The Hardest Thing I’ve Ever Done

I was recently playing a game with some of my closest friends in which we all simply answered whatever question was drawn from the bucket. The questions ranged from “what would your ultimate birthday party entail?” to “who would you delete from you life if you could? And why?”. I typically enjoy games like this. I like getting to know my friends in ways I don’t already. I feel closer to them after a round is done. One of the questions found me at a standstill though, and we, as a collective group, decided not to answer it. I’m sure this is because the others found it difficult and a tad bit more personal than they were comfortable answering as well. But, the question got me thinking. And the question was: “What is the hardest thing you’ve ever done?”

In my 18 years of life I haven’t had a “hard” life. I have two wonderful parents, who, although we argue sometimes, support me in every single one of my endeavors. I have a little sister who can be the bane of my existence at points, but is also one of my best friends. I also go to a wonderful college and have made fantastic friends there. Middle school wasn’t awful for me, and I really transformed into a person I’m proud to be throughout high school. But, that does not mean I have not had my share of rough times. I even find myself at a loss when I am faced with the decision of choosing which one was the hardest.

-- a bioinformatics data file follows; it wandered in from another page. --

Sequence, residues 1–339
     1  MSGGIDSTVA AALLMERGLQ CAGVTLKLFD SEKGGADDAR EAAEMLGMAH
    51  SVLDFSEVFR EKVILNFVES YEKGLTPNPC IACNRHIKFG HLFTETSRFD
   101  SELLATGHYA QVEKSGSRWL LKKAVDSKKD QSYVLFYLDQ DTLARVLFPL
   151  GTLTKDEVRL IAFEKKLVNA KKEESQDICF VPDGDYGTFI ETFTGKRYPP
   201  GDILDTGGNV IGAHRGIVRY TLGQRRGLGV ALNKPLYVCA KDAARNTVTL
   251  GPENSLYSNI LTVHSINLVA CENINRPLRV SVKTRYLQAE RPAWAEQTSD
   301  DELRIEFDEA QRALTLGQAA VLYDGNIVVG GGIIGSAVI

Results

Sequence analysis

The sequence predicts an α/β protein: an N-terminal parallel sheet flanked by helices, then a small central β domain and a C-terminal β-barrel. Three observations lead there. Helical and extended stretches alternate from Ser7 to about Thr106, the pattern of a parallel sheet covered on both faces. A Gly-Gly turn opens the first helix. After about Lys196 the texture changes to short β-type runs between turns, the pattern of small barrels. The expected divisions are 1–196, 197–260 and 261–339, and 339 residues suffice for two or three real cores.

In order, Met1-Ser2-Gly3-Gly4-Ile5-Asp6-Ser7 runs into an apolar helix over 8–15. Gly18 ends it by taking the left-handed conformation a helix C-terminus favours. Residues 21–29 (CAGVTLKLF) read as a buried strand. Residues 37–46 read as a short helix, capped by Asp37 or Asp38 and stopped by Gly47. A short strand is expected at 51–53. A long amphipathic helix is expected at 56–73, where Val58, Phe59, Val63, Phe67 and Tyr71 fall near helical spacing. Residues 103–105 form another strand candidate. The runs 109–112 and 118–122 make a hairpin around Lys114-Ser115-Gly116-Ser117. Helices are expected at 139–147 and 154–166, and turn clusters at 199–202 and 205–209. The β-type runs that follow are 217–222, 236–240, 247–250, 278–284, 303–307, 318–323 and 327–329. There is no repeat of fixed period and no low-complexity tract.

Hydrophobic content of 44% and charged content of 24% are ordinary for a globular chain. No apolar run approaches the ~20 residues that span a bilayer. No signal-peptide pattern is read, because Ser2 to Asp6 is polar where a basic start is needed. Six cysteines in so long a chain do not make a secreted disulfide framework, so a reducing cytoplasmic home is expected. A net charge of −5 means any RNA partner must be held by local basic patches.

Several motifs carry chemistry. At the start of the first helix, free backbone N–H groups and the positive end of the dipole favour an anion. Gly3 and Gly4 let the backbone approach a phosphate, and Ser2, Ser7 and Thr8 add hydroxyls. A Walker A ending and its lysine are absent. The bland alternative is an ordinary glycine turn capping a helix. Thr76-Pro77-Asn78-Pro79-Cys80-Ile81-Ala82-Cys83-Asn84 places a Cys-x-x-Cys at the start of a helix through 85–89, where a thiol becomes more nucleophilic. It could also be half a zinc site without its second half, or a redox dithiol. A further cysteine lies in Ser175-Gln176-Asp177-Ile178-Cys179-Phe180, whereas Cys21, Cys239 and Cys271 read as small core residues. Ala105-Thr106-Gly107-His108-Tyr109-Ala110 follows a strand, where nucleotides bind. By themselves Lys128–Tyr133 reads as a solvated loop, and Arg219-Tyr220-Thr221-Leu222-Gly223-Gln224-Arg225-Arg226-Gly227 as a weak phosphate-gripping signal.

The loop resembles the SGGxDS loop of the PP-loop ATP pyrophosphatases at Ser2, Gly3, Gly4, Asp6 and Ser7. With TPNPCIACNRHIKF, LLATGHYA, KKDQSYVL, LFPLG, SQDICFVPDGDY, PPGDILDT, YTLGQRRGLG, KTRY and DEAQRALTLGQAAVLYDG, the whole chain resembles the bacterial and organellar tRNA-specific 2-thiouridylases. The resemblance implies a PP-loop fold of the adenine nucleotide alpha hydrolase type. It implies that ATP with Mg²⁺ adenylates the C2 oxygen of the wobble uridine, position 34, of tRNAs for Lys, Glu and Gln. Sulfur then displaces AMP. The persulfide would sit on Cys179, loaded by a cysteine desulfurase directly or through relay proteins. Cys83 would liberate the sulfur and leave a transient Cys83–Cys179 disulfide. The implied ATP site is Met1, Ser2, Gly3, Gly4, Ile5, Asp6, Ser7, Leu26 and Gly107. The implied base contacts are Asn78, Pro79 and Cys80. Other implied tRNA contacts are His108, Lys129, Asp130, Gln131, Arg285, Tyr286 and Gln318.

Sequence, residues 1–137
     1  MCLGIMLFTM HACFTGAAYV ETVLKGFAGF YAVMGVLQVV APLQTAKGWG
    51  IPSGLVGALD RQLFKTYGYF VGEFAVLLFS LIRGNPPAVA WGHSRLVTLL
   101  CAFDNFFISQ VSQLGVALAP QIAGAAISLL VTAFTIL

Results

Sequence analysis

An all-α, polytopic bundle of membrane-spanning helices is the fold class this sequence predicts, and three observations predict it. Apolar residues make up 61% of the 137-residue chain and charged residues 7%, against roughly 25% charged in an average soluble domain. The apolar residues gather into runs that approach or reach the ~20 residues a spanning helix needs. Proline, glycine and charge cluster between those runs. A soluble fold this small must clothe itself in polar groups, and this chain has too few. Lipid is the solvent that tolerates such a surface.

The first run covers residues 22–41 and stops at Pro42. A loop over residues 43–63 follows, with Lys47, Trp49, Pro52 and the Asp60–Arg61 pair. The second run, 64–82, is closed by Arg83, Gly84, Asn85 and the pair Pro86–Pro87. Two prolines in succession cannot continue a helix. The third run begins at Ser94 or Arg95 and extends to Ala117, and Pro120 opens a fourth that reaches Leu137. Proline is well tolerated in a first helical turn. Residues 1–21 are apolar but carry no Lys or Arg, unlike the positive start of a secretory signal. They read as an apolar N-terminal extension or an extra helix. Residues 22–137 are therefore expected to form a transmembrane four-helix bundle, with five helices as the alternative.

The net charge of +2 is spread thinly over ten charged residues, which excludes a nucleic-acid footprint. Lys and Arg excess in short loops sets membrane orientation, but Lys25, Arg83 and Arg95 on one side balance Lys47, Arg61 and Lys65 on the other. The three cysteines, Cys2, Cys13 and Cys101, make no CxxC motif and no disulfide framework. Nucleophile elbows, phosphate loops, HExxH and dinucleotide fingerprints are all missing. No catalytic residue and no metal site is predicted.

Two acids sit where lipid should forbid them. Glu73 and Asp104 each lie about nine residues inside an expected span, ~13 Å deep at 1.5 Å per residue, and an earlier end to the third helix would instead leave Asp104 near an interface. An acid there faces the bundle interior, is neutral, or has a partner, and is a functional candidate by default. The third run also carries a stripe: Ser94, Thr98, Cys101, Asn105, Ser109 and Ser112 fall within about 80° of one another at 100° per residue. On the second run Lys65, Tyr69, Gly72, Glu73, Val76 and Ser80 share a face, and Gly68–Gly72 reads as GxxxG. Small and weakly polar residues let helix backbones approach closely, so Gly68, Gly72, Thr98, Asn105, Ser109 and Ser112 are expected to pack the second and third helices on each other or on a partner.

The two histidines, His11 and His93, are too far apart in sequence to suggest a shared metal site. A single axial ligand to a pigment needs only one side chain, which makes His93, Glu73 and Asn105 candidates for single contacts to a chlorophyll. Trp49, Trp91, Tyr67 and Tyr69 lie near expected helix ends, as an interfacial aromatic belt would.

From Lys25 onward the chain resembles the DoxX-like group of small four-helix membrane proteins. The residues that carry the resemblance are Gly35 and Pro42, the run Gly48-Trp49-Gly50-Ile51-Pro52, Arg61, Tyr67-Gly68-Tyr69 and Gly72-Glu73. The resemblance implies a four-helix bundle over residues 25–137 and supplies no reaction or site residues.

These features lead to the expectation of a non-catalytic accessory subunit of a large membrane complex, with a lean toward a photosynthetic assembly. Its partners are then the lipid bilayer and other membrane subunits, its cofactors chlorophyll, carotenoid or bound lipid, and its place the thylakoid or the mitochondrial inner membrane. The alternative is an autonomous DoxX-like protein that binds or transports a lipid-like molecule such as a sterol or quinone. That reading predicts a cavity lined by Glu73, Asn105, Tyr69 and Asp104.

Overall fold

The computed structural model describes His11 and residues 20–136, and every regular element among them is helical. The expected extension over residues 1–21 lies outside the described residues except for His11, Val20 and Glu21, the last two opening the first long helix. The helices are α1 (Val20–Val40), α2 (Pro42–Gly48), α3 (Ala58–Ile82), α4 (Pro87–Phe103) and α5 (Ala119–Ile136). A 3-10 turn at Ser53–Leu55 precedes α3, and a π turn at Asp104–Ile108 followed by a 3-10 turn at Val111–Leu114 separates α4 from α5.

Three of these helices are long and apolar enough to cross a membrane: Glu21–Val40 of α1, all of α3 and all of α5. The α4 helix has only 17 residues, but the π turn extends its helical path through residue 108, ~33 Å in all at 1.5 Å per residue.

The top contenders for the “hardest thing I’ve ever done” have happened in the past six months. I have experienced excruciating heartbreak; it was something I would never wish on anybody else but helped me grow into a tough person who can take what life throws at her. I was diagnosed with two mental illnesses at the same time (General Anxiety Disorder and Depression), but this experience too has made me stronger. Going through both of these things has made me who I am today.

I believe that the hardest thing I have ever done is reach out for help, to accept that I wasn’t going to get better on my own. I’ve always believed that I am a strong person, and I felt that opening up to others and allowing myself to get help in solving my problems would be to accept defeat. But, it is the opposite. Getting help for my mental illnesses and when I was at the lowest of lows after the breakup was one of the hardest, yet strongest things I have ever done. It did not make me weak to need help, it made me stronger. Because two is better than one. And sometimes we all just need a little help.

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